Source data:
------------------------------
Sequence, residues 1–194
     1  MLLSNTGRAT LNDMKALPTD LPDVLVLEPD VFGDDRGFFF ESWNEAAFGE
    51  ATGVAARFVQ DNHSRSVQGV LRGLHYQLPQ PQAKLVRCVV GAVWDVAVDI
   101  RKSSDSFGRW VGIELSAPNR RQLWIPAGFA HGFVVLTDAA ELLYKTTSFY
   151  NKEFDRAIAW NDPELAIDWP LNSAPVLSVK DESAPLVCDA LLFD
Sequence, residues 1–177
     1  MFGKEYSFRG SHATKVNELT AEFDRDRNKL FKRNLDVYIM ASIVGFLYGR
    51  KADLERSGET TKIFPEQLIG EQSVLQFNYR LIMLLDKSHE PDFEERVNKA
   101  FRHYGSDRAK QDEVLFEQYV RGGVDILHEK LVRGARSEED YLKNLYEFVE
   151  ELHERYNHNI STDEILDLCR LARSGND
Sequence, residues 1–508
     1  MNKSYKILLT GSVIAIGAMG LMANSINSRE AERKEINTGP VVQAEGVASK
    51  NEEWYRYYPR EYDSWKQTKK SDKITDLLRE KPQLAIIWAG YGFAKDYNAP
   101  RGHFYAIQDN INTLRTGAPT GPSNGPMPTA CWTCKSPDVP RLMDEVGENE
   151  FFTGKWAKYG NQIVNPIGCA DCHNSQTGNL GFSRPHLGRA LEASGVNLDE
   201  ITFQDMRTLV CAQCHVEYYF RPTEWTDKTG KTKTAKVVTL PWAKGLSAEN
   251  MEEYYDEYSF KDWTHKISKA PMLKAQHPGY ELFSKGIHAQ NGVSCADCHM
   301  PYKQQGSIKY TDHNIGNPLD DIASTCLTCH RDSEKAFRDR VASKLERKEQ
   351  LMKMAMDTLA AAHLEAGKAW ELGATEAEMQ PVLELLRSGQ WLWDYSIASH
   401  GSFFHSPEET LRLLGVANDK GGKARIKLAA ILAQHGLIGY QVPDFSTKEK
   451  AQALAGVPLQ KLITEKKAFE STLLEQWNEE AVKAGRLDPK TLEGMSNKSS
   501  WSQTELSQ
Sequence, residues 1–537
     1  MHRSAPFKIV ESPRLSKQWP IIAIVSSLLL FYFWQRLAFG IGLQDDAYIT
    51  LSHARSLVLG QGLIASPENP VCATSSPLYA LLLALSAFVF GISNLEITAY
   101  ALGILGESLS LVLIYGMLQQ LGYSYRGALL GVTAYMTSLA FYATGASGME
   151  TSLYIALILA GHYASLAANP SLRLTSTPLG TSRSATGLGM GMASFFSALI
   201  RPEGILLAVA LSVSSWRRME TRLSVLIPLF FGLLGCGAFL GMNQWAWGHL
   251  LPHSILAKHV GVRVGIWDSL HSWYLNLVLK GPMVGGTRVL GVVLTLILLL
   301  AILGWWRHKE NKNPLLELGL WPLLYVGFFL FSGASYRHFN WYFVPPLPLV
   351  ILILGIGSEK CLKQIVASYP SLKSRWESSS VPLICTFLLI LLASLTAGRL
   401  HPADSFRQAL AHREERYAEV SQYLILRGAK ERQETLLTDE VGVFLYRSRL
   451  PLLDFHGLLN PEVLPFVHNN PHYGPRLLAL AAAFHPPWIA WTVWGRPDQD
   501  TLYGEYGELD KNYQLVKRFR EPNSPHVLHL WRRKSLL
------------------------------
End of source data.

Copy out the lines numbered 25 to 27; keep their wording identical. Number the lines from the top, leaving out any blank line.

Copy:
    51  LSHARSLVLG QGLIASPENP VCATSSPLYA LLLALSAFVF GISNLEITAY
   101  ALGILGESLS LVLIYGMLQQ LGYSYRGALL GVTAYMTSLA FYATGASGME
   151  TSLYIALILA GHYASLAANP SLRLTSTPLG TSRSATGLGM GMASFFSALI